Friday, 30 November 2007

Hotch Potch days

The Christmas ice rink in Nottingham's Market Square.

Birthday flowers for Susan from Alicia and Steve.

When I was at work this would have been a holiday week because it was Susan's birthday week. I had six weeks holiday for much of my working life and four were always reserved for important weeks in our lives: our birthdays, the week we met and the week we married. Christmas usually accounted for another, so there was always a floating week which we sometimes bolted onto one of the other weeks. It was a system which worked well.

This week has been a little different. An elderly friend who lives alone has been in hospital with a broken shoulder and I have been visiting him daily, then 'phoning around his family and other friends with news. With luck he will go home next week and others will play a more active role in his care and support as we live too far away and don't have a car.

I also broke a filling and had to dash off to the dentist. I now have two appointments before Christmas so that I can have a crown made and fitted. I also had to go for a pre-op interview, as I am having a 'juvenile' bunion operated on in early-January and will be out of action for some time. Both these things happened on Susan's birthday, but we did manage to have a nice long lunch at the Loch Fyne seafood restaurant in town and saw the temporary ice rink in the Market Square. Our arrival home coincided with our friend Judith coming round with a very scrummy chocolate cake which just keeps on going (thank you Judith).

Yesterday I had my picture taken by the Evening Post for a news story they hope to run about my planned Lenton walking map for next spring. We will see if they do. By far the most depressing news this week has been about Labour's 'Donorgate' with high-ranking Party officials and government ministers claiming ignorance of the law or that they have done nothing wrong in accepting donations from one person via another. Coming so soon after the cash for honours scandal it makes one feel ashamed to be a member of the Labour Party, even though I know these idiots who bring the Party into disrepute are a very small minority. The trouble is they have top jobs.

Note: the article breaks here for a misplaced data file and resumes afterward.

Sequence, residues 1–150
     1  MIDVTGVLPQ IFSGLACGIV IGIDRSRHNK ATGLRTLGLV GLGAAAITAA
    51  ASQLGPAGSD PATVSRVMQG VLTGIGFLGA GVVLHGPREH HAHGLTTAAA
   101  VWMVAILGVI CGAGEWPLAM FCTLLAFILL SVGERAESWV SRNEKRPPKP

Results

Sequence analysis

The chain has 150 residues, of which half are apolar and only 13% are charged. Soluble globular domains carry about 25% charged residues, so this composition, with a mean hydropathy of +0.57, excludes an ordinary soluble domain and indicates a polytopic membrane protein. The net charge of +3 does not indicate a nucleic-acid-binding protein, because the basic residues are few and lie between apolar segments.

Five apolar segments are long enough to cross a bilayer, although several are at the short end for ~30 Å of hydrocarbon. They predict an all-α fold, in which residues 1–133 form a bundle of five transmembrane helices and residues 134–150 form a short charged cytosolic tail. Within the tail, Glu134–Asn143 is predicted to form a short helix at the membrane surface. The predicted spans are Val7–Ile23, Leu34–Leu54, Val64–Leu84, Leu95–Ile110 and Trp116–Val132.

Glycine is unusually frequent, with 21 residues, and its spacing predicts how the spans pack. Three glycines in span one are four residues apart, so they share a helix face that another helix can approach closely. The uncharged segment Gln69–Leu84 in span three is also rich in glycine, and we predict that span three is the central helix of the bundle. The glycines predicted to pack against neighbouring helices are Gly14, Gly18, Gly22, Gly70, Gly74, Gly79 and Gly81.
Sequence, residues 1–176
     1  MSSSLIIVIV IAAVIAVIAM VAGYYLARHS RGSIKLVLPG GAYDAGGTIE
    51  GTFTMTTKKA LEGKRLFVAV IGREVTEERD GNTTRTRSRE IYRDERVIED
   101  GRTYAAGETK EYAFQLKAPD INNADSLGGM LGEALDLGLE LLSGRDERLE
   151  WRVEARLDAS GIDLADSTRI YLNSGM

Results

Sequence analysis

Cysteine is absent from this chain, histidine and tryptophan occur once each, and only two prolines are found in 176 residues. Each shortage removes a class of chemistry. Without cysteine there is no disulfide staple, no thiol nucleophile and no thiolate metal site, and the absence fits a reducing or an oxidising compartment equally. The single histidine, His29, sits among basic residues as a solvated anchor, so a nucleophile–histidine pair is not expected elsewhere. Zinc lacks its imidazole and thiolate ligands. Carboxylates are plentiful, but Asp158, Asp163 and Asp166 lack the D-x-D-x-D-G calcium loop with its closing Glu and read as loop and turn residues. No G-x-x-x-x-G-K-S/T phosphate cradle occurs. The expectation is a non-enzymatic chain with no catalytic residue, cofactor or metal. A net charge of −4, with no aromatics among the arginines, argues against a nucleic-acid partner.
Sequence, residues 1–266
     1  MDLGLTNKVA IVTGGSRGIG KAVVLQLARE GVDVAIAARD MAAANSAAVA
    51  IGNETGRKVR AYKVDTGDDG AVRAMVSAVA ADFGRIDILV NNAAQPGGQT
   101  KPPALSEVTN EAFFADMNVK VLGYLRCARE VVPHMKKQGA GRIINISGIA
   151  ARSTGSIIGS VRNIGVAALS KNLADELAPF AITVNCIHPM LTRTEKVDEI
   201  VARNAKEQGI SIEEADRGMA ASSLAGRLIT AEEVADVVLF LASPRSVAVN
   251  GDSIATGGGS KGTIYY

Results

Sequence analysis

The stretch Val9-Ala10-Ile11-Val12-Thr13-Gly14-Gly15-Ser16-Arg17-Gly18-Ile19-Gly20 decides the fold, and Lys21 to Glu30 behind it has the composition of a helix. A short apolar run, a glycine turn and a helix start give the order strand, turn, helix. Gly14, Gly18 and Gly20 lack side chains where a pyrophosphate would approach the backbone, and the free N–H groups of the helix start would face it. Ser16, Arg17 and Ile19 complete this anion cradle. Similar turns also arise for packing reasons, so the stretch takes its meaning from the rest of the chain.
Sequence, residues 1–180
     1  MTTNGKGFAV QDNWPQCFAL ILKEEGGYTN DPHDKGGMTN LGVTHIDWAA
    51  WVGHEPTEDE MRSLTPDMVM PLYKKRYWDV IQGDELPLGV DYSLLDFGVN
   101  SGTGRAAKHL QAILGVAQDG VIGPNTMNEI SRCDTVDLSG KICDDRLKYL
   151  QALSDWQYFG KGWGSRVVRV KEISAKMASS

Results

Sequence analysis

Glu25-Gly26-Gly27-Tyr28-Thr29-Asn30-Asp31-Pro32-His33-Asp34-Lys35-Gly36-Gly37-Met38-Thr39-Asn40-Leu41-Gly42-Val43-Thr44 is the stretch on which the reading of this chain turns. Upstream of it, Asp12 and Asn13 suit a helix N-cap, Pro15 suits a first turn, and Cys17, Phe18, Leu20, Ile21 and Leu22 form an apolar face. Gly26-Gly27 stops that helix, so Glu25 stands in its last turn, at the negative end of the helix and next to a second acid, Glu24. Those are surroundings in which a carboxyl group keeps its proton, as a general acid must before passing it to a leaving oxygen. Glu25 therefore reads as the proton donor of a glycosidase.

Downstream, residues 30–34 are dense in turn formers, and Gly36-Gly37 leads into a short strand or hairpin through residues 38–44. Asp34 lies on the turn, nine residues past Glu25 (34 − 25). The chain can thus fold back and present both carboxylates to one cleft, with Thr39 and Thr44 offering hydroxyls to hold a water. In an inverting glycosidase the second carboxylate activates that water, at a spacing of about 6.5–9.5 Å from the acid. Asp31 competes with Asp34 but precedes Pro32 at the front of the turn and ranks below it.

So, what is to be done? I am in no doubt. They should be reprimanded by the Labour Party and barred from holding public or Party office for a suitable period of time. The public has to see that we do not treat this kind of behaviour lightly. There cannot be one law for ordinary mortals and another for the great and the good. These people have become detached from reality.

For years, Susan was the Financial Supervisor of our local credit union. Susan spent a good day every month going though the records and accounts, sometimes asking questions, sometimes highlighting concerns. She was expected to know the rules and regulations governing credit unions and had to take part in training days. If something had gone wrong, Susan would have been called to account and would not have been able to hide behind excuses. And so it should be with the Labour Party. I hope there is no cover up. I hope there are prosecutions and I hope people are forced to resign if they don't have the decency to do it voluntarily.

I voted for Harriet Harman in the Deputy Labour Party Leadership contest earlier this year and feel betrayed. Her excuses are feeble mumblings and her behaviour is that of someone without any sense of honour or responsibility. She cannot hide behind her 'campaign team'. If she has any sense of obligation to the Labour Party then she should resign. It is all so, so sad and she only has herself to blame. She is an experienced politician who has done a lot of good things over the years, but this only makes what she allowed to happen worse. She should have known better.

I decribe my blog as being about 'life in and around a small inner-city park' and so it is. This week my life has been touched by a national scandal, as well as more personal events which remind me of the importance of goodness and friends and family. These are the things which matter most, but we cannot escape from the fact that how we are able to live our lives as individuals and a community is shaped and influenced, to some degree, by events in other places — which is why we have to take an interest in them, even if we would rather being thinking about things closer to home.

Happy Birthday Susan and thank you Alicia and Steve for the lovely flowers and Judith for the chocolate cake. I love you all.

Harriet Harman, the Labour deputy leader, was forced to implicate Gordon Brown deeper into the donor scandal last night as Scotland Yard was called in to investigate the affair.

1 comment:

Laura said...

Awwww pweety flowers :D